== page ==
Full Text Available The article addresses the problem of formal variability of terms in the sphere of network terminology in the Russian language. The research is based on data from the Internet communication in the sphere of network technologies. Such formal variability types as graphical, phonemic, word building and complex (graphic and phonetic, morphologic and accentual are discussed in this article. The authors reveal the reasons for graphic variability of foreign origin terms making up the international terminological fund. These reasons cover such aspects as the use of graphics of source language and recipient language; the presence or absence of hyphenation, etc. It is determined that the phonemic variants of terms appear as a result of oral or written borrowings. The existence of such variants is also connected with the stage of their adaptation in the Russian language after borrowing. In this case the variants are related with soft or hard pronunciation of consonants. There are also some cases of phonemic variability on the graphic level. The complex variability is regarded as a part of active processes taking place in the modern Russian language, and these processes involve both native and foreign origin terms. The particular attention is paid to the word-building variants – word-building affixes the variability of which is peculiar of network technologies. The results of the research show that the variability of professional units belonging to the network technologies sublanguage is caused by the active process of borrowing of specialpurpose vocabulary into the Russian language. The process is due to the intensification of intercultural communication in the professional spheres.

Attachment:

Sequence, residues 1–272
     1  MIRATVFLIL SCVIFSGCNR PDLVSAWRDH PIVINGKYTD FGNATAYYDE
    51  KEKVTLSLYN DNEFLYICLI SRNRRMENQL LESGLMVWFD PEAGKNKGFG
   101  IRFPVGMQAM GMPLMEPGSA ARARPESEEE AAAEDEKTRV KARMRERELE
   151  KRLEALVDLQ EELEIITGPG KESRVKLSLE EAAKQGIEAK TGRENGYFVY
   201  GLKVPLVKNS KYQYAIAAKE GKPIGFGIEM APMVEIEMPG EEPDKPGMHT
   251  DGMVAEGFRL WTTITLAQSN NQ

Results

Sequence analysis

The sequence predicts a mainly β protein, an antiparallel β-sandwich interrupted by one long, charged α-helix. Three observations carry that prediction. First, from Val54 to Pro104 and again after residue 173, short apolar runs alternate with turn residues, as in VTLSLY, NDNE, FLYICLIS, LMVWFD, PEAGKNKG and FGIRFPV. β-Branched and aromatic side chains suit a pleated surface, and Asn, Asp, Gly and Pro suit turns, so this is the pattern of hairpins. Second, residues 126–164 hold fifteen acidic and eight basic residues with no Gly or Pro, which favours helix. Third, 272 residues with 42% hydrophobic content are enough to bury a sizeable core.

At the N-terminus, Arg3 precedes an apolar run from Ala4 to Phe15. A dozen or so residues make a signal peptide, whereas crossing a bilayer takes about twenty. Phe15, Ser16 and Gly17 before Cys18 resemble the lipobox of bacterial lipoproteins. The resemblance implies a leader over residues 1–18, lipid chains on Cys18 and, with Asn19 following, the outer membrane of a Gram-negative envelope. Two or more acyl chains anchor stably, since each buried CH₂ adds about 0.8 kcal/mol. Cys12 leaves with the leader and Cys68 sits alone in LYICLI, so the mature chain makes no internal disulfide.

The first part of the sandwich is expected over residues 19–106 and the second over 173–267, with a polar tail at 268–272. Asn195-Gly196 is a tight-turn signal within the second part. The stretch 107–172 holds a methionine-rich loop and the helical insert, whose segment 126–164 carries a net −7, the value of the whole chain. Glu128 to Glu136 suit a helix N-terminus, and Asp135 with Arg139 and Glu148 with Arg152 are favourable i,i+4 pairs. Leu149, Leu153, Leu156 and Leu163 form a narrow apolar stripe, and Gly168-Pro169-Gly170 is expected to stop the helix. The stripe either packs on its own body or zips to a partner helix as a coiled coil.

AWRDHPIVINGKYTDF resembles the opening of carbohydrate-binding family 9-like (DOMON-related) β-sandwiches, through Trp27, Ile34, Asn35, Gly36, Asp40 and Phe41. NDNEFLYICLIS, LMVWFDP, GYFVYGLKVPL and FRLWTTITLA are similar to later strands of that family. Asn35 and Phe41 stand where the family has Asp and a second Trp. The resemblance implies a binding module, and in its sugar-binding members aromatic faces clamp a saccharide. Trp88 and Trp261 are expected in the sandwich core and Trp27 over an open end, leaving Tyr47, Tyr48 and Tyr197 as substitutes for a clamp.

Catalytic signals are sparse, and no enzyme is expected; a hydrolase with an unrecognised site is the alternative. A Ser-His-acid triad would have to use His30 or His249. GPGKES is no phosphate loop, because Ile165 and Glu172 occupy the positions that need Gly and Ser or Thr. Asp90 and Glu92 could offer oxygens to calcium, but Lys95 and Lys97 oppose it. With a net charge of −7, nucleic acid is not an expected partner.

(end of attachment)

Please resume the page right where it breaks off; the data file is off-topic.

13. Quadratic time dependent Hamiltonians and separation of variables

    Science.gov (United States)

    Anzaldo-Meneses, A.

    2017-06-01

    Time dependent quantum problems defined by quadratic Hamiltonians are solved using canonical transformations. The Green's function is obtained and a comparison with the classical Hamilton-Jacobi method leads to important geometrical insights like exterior differential systems, Monge cones and time dependent Gaussian metrics. The Wei-Norman approach is applied using unitary transformations defined in terms of generators of the associated Lie groups, here the semi-direct product of the Heisenberg group and the symplectic group. A new explicit relation for the unitary transformations is given in terms of a finite product of elementary transformations. The sequential application of adequate sets of unitary transformations leads naturally to a new separation of variables method for time dependent Hamiltonians, which is shown to be related to the Inönü-Wigner contraction of Lie groups. The new method allows also a better understanding of interacting particles or coupled modes and opens an alternative way to analyze topological phases in driven systems.